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Are you worried about training an older dog? Afraid that you won't be able to housebreak him, or teach him good manners and new behaviors? Well, don't be!
In principle, training older dogs is exactly the same as training young puppies.
The only difference is that you will need an extra helping of patience because more mature pups and adult dogs may take a little longer to pick up new behaviors and learn new skills.
That's because dogs are creatures of habit and the longer they've spent with 'bad' habits the more ingrained they're going to be.
This means you need to allow Fido a bit of extra time to UN-learn those old/bad habits (such as peeing on the rug or jumping on visitors) as well as learning the new, more acceptable behavior.
BUT the good news is that he's perfectly capable of learning just about anything you want him to.
Good potty habits, obeying basic obedience commands, and having nice manners are the most important things to work on at first.
Let's start with crate training, because living with an adult dog who isn't housebroken makes life a real challenge.
If you want to house train an adult dog, using a crate is the only practical way to go about it.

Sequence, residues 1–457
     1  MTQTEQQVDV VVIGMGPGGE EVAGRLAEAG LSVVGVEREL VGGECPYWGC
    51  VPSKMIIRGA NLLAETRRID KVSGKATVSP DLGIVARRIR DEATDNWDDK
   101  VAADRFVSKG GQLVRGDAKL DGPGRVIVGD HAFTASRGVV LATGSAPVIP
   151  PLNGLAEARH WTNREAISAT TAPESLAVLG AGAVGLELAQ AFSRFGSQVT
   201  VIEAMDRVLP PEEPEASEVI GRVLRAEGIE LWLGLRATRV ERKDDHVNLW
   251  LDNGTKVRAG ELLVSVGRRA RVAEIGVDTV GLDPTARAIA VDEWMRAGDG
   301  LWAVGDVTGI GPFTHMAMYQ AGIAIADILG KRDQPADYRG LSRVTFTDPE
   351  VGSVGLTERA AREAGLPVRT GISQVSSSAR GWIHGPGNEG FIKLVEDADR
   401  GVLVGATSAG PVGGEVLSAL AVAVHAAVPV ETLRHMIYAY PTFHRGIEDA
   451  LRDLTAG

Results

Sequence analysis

It's also the most effective.
The good thing about working with an adolescent pup or adult dog is that he will have good control over his bladder/bowels.
This makes housebreaking a whole lot less time-consuming.
If you're house training a senior dog, then he may have some incontinence issues or a weak bladder.
In that case you're going to need to give him more frequent potty trips.
Crate training is so effective, because it works by using your dog's natural instinct not to soil his den (in this case it's his crate).
The vast majority of dogs will try very hard to 'hold it' while confined, even if they really NEED to go.
Don't take over-advantage of that and make your dog suffer, and also don't dawdle when you do let him out. Put on the leash and get him outside right away.
House training is only part of the story though.
A disobedient dog who jumps on everyone, refuses to listen to you, pulls on the leash and generally acts like a brat is no fun to be around. And it's not much fun for him either.
Children feel safer and more secure with boundaries and rules to guide them, the same thing applies to dogs.
So, to keep everyone happy, it's important to help your older dog learn what behavior is acceptable in his home and when out-and-about.
Obviously a puppy learns more quickly and is easier to control than an 'teenage' pup or adult dog.
But as long as you're patient, firm (but loving), consistent and determined, you can teach Fido to 'shape up' - given some time.